European Commission Approves First Oral Disease-Modifying Treatment for MS

December 5, 2018

Novartis has announced that the European Commission has approved Gilenya (fingolimod) as a treatment for children and adolescents (10–17 years) with relapsing-remitting forms of multiple sclerosis (RRMS).

In a Nov. 29, 2018 press statement, Novartis has announced that the European Commission (EC) has approved Gilenya (fingolimod) as a treatment for children and adolescents (10–17 years) with relapsing-remitting forms of multiple sclerosis (RRMS).

This authorization was based on Phase III clinical trial data (PARADIGMS study) and makes Gilenya the first oral disease-modifying treatment for children and adolescents available on the European market.

“We are excited by the news that there is now a new approved treatment indicated for young people with RRMS in Europe-hopefully this will be the first step to having more therapy options for children and adolescents with MS,” said Pedro Carrascal, president, European Multiple Sclerosis Platform. “Young patients affected by MS often experience a more severe impact during their overall lifetime. Today's approval provides an opportunity for a brighter future for them and their families.”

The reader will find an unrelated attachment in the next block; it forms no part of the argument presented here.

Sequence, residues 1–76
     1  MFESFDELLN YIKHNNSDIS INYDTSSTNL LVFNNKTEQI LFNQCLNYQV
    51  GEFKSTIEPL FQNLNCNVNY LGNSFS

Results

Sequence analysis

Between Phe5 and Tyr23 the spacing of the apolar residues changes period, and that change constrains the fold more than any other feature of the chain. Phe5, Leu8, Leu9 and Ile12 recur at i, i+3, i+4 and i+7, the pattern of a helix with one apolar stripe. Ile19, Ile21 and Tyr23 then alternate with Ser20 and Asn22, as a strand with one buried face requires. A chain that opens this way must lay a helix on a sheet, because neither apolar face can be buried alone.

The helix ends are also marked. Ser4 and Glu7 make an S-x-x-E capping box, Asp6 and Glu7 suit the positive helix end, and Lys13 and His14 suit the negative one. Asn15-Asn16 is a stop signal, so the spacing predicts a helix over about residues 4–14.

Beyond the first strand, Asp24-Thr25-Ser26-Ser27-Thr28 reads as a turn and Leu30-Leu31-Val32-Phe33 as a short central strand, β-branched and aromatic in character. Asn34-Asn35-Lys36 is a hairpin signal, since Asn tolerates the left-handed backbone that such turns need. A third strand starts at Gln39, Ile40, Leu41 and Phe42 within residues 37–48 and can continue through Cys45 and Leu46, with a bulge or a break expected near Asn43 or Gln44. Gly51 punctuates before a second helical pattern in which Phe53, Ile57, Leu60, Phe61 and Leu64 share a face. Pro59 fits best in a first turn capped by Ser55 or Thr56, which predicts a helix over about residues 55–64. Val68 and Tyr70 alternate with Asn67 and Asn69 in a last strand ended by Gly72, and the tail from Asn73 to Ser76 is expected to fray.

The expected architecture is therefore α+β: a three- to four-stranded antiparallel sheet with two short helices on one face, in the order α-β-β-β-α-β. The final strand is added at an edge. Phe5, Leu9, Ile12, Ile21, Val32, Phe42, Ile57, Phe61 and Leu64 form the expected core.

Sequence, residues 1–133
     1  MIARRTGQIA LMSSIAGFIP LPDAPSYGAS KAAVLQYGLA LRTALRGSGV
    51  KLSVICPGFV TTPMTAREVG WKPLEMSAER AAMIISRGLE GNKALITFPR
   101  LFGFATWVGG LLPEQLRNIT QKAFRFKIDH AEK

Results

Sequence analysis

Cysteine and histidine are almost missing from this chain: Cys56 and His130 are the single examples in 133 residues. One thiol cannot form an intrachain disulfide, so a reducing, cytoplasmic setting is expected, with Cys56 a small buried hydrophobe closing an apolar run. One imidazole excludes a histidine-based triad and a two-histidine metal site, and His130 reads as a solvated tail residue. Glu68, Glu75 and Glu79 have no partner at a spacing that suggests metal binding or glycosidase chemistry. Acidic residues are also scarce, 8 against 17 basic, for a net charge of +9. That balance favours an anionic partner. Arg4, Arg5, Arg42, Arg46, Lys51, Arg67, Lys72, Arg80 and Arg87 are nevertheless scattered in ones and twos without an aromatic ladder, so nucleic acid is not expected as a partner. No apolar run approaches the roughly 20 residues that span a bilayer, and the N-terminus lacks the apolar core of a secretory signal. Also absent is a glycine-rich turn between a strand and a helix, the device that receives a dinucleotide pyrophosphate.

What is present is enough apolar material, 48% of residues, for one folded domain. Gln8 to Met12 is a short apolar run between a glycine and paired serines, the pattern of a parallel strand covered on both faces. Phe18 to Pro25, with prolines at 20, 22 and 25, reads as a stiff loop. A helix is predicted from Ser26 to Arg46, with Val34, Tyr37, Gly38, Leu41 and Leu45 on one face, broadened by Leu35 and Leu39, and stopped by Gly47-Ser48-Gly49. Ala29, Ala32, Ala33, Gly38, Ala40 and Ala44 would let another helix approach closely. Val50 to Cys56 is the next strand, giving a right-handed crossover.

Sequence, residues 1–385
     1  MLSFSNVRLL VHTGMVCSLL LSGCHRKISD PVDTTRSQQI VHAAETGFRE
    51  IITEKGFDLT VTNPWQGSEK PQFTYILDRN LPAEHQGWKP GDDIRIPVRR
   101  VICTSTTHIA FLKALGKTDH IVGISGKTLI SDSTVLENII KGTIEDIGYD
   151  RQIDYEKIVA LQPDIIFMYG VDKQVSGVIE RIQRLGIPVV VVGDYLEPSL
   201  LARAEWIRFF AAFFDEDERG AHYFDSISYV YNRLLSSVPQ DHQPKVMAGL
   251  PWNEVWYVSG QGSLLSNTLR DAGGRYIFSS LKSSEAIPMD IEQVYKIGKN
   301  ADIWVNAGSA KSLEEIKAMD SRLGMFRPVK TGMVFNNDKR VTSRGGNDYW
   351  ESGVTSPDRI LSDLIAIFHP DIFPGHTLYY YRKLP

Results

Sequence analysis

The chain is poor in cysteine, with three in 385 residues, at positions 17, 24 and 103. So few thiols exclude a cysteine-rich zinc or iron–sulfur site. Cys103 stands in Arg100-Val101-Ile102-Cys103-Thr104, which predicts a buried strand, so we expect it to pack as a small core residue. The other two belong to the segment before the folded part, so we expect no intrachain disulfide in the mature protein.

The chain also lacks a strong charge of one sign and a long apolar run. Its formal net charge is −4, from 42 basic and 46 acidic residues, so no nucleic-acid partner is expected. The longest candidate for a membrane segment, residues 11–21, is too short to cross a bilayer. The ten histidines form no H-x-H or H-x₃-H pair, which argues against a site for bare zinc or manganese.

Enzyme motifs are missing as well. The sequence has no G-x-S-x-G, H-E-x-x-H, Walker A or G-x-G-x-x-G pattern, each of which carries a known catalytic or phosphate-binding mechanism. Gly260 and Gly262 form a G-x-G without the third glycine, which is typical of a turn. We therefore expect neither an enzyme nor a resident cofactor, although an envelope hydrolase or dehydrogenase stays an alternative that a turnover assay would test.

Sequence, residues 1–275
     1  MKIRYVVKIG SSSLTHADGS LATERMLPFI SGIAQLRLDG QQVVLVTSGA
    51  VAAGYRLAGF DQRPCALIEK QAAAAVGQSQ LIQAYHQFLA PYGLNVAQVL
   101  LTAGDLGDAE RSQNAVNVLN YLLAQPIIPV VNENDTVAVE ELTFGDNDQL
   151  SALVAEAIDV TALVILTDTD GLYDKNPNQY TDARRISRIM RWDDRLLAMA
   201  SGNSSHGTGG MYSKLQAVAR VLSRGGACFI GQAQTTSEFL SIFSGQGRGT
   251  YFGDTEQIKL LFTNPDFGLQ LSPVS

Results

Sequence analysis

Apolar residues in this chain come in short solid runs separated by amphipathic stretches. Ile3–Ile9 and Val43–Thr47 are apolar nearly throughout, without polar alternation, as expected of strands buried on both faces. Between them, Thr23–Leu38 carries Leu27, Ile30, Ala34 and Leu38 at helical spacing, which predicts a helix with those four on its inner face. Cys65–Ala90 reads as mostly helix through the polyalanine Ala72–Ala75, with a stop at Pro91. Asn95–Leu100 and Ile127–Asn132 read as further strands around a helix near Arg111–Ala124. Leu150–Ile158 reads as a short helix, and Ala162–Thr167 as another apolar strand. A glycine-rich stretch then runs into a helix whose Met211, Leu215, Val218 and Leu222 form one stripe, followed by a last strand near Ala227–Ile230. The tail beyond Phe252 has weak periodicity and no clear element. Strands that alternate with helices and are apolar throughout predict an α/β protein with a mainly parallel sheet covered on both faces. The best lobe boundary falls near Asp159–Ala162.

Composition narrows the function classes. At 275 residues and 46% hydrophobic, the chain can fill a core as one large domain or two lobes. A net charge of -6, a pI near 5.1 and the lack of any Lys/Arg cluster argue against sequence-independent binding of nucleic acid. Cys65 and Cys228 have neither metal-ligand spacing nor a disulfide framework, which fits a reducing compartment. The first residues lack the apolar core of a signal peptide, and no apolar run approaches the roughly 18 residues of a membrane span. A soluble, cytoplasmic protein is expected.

“Early onset MS can have a devastating impact on children and adolescents' daily life, such as going to school and spending time with friends and family,” added Paul Hudson, chief executive officer, Novartis Pharmaceuticals. “Our mission is to change the course of MS as we've been doing since the treatment's initial approval in 2011, and we won't stop until we stop MS. We are delighted that today's decision has brought us one step closer to reimagining the treatment of MS, across all ages.”

This marketing authorization applies to all 28 member states of the European Union, in addition to Iceland, Norway, and Liechtenstein. Initial approval of Gilenya was for the treatment of adults aged 18 years and older with relapsing forms of MS both in the United States and Europe. The therapy received FDA approval for the treatment of children and adolescents 10 years of age and older with MS on May 11, 2018.

Source: Novartis